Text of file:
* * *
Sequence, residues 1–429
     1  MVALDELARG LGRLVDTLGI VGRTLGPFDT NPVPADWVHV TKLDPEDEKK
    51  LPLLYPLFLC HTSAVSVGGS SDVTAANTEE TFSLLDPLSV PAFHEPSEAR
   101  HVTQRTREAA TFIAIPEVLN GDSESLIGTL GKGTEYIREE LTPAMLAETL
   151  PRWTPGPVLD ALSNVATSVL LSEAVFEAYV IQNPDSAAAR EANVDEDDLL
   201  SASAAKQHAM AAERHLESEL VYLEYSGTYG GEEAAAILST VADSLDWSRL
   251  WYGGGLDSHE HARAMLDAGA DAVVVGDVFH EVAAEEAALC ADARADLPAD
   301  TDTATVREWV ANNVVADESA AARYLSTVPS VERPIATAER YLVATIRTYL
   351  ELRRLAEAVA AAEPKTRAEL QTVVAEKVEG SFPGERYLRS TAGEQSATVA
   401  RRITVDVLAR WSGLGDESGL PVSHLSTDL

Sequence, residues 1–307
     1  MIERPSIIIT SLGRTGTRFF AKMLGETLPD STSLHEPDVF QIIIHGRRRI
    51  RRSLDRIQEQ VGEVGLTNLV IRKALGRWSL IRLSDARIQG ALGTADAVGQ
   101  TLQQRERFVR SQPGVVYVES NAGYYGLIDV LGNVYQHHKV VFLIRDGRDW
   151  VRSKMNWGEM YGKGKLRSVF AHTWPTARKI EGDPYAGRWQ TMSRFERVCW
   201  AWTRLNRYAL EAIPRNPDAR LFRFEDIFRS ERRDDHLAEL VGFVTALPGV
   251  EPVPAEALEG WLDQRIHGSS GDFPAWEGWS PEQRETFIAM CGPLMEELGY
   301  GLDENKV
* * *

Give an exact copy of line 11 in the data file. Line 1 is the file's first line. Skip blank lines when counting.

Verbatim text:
Sequence, residues 1–307